Fabian Cancellara rode around the peloton in Tirreno-Adriatico this week and confirmed to his peers, “Yes, this is really my last year.” The Swiss Classics and time trial specialist, 35 on Friday, says that some still cannot believe he is leaving.
Team Trek-Segafredo’s Cancellara will race the final stage of the Tirreno-Adriatico on Tuesday. He won the same 10.05km time trial last year on Italy’s eastern coast in San Benedetto del Tronto. Monday night in the Hotel International’s meeting room, he spoke with a small group of press before sitting in the dinning room to eat the hotel’s lasagne, as he has for the last six years.
“I get questions even from the other riders, ‘Is it really your last season?'” Cancellara said. “Today, I spoke with Peter Sagan, the other day with Mark Cavendish, they say, ‘We understand you.’ Some say, ‘Why are you leaving?’ But everyone will have their day when they will leave. I’m looking forward to not packing and unpacking my suitcases, the travelling and the training.
“I didn’t want to do it like Alberto Contador, 50-50 he stops or he doesn’t, or he creates a new team. Or how it is with Tom Boonen, where everyone’s asking him what he is going to do. ‘Is this your last year? Your last Roubaix?’ All the time. I just want to enjoy riding my bike for the last races.”
Cancellara time trialled to four world titles and dominated Northern Europe’s cobbles to win the Tour of Flanders and Paris-Roubaix three times each. This 2016 season, his last, appears to be on the right track already with wins in the Challenge Mallorca, the Volta ao Algarve and the one-day Strade Bianche race.
“It’s not just easy. The first days in Tirreno-Adriatico I was not feeling ready to make those efforts,” he added.
“That’s why I said that I look ahead to a time of not always having to be ready. This year, I want it to fall into place. It was probably better for me that we skipped the summit finish Sunday. I don’t want to get sick. It’s better. I needed everything to be right for this year.”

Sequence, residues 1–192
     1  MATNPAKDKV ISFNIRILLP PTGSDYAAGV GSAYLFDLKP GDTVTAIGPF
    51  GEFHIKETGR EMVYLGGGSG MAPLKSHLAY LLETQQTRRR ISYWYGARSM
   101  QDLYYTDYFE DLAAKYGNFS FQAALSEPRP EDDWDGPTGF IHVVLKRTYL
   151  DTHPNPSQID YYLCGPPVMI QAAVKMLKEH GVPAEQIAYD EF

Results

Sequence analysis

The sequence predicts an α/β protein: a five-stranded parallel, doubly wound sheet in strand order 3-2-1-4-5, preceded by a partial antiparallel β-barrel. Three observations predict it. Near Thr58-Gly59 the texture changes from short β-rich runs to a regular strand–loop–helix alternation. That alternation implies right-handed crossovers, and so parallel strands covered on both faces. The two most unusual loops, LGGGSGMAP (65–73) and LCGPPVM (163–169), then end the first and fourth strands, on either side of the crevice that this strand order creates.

Watch: Fabian Cancellara’s new Trek Madone for 2016
He called 2015 a “roller coaster” season. He won in Tirreno-Adriatico, crashed out of the Classics, returned to wear the yellow jersey in the Tour de France, fell and abandoned while doing so, and fell sick on his re-entry in the Vuelta a España.
“A year like that is not what I want [to end my career]. If you have regrets, and you stop… I would have a problem with that. 2016 is full of nice things. This is really the perfect year for me,” said Cancellara.
“My mark is already left. I’m from another generation. When I saw that sprint with Caleb Ewan and Fernando Gaviria [both 21 years old], I thought, ‘I’m old already!’ I’m curious to see how it will be when I look back. All the wins I have so far, really impressed others. It feels nice to have that respect from the riders.
“I went to Strade Bianche because it was hard and the level of riders was high. It’s a mix of Ardennes and Flanders Classics races. I worked well. I focused on winning, not everything else around.
“If I didn’t win, I’d accept it. The same with all the Classics ahead. If you go into the race 100% and you are just beat by three or four others, I have to accept that.”
The big one-day Classics season starts with Milan-San Remo on Saturday and continues with E3 Harelbeke, Ghent-Wevelgem, the Tour of Flanders and Paris-Roubaix.
“Emotional in Milan? Of course, I’ll be,” continued Cancellara.
“It’s the last time I start and roll out of Milan, but on the other hand, I know that I’ve won and I’ve done well over the years in the race.
“It’s the most unpredictable race in my opinion. A lottery. It’s my feeling. With or without Mànie, the cold and rain, or without the cold and rain. Of course, you need to have the instinct and certain experience. Which I have. For me, though, it still stays the biggest lottery of the year.”